[09:33:27] <sleinen> Pekka: A difference here is that these well-known addresses are not taken out of any operator's address space.
[09:33:43] <sleinen> We had looked at SLP, but it had some serious issues.
[09:34:31] <sleinen> Dave Meyer: operational question. How large a provider-independent prefix would you expect to need for this?
[09:35:43] <sleinen> Pekka thinks that in IPv4, /24 is sufficient, as this is what is used in 6to4 (192.88.99.0/24).
[09:36:45] <sleinen> DaveM finds it hard to choose prefix sizes that are globally accepted in routing, without being overly wasteful of address space
[09:37:41] <sleinen> Joe: suggests a potential issue of hijacking (of routing prefixes) in the presence of filters
[09:38:14] <sleinen> Joe: given the last comments, you might want a prefix that ISN'T routable globally
[09:38:32] <sleinen> Pekka: Yes, looking at private well-known address space that can be used for this service.
[09:39:49] <sleinen> Next up: Lixia Zhang on "AS-Level Topology Growth: A Preliminary Measurement"
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[09:42:28] <sleinen> URL: http://irl.cs.ucla.edu/topology/
[09:43:33] <sleinen> CCR'05 paper http://irl.cs.ucla.edu/topology/ccr05.pdf
[09:50:29] <sleinen> Andy ?: What do you use to define your buckets 1, 2, 3, 4, 5? Is there a strict rule?
[09:51:21] <sleinen> Lixia: Yes. The rules are fixed, but not like laws of physics. They are Lixin Gao's (UMass) and are explained in the paper.
[09:52:23] <sleinen> Dave Meyer: Are the ASes in your Tier-1 bin the same as known as the "Skitter core"?
[09:52:51] <sleinen> Geoff: Skitter is only based on degree (number of interconnections) rather than a hierarchy, as here.
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[09:59:06] <sleinen> Simon: are you trying to exclude transient effects when counting added/removed links? Lixia explains that this was shown two slides ago
[09:59:35] <sleinen> Geoff: You're assuming that what you see in updates corresponds to reality?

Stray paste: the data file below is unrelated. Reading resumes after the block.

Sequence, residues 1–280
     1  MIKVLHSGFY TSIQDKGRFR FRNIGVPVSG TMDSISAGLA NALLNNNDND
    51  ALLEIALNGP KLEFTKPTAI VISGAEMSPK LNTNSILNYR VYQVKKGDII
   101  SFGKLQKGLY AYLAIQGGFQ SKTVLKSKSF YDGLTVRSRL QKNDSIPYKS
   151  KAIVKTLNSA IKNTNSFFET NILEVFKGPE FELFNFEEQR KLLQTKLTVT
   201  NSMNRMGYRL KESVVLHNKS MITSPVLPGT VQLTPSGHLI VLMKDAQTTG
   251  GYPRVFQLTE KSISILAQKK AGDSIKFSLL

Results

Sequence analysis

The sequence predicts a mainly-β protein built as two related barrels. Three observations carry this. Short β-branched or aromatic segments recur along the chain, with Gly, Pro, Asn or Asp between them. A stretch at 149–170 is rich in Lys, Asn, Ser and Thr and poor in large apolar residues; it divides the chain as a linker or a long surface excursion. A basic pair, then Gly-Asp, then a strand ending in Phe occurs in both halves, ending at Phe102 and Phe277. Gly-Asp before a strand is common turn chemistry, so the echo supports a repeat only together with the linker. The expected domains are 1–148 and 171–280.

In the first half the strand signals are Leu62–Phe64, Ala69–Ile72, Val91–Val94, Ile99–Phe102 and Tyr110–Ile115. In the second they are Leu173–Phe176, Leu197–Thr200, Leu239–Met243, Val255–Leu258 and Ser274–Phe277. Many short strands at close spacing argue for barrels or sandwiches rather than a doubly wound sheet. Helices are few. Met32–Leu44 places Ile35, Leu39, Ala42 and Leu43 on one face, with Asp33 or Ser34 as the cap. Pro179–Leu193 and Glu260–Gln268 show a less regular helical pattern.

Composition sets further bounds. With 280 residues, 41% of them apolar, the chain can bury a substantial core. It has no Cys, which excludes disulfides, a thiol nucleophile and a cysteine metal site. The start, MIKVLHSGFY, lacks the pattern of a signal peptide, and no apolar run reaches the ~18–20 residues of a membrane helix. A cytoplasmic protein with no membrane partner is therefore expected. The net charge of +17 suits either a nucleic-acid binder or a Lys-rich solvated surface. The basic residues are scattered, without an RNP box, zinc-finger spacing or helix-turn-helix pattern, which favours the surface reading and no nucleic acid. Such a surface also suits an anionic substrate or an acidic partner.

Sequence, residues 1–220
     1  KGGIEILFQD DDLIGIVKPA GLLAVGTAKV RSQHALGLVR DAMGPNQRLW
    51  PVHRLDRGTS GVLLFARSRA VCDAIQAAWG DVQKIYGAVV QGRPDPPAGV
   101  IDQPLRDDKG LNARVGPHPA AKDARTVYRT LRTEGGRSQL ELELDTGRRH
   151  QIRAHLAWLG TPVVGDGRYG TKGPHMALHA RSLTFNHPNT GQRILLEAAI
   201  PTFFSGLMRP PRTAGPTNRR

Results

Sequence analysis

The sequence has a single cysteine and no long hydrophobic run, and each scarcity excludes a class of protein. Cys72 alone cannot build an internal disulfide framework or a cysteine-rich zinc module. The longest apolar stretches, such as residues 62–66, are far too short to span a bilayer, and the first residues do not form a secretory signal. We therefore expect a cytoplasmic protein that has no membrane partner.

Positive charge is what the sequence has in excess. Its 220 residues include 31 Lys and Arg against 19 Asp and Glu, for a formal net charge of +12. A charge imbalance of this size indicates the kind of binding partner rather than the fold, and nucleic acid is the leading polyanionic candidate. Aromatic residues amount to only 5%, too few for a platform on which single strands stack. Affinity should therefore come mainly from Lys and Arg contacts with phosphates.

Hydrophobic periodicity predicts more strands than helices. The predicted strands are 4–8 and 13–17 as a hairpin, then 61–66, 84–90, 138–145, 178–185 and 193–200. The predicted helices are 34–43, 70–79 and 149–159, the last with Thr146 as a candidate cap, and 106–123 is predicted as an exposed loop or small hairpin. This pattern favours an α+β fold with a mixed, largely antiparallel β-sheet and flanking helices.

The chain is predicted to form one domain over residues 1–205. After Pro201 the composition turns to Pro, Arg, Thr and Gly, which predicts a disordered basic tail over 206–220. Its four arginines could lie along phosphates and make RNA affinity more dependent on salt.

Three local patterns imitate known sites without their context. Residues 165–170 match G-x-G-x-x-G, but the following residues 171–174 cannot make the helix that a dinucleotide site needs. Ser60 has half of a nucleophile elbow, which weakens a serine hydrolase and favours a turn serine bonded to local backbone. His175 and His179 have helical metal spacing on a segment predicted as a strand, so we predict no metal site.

[09:59:53] <sleinen> Lixia: If you define reality as existence of AS peering sessions, this is true.
[10:01:12] <sleinen> Lixia explains how they tried to cross-check their findings by asking ISPs for verification
[10:01:49] <sleinen> ?: Also wants to know whether the numbers show "real growth" or just links that are newly discovered by the method.
[10:04:14] <sleinen> ?: Points out situations where existing paths won't be seen for extended periods of time (months) - heavy AS-prepending for backup path. Would those be seen as appearing/disappearing links?
[10:04:47] <sleinen> Lixia: We remove links from the "disappeared" counts when the reappear.
[10:05:05] <mjo> ?=Cengiz
[10:05:50] <ggm> I missed Jeffs comments after Gengiz
[10:06:00] <sleinen> me too :-(
[10:06:45] <sleinen> Lixia: growth in terms of links occurs mainly in the "Tier-2" bin, growth in terms of nodes in the "Tier-5" bin
[10:07:20] <ggm> Jeff: was data corrected for non-bogus AS paths [no]
[10:07:48] <sleinen> [more discussion about the effect of transient routes on the analysis]
[10:08:51] <sleinen> Joe Abley: AS-path poisoning by prepending a nother-than-local AS (AS-path poisoning). Did you look at this?
[10:09:02] <sleinen> Lixia: seems to be a very, very rare occurrence.
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[10:09:11] <sleinen> Joe: How did you determine when you see this?
[10:10:01] <sleinen> Lixia: verifying against "normal BGP policies" whether links correspond to real topology [more explanation omitted]
[10:11:51] <sleinen> ggm at the mike: Geoff often pointed out that AS-path length seems to remain constant although connectivity is growing. What you are showing here may be a corrolary of this.
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[10:13:20] <sleinen> Looking at BGP slow-convergence problem, which may be exacerbated by growth in connectivity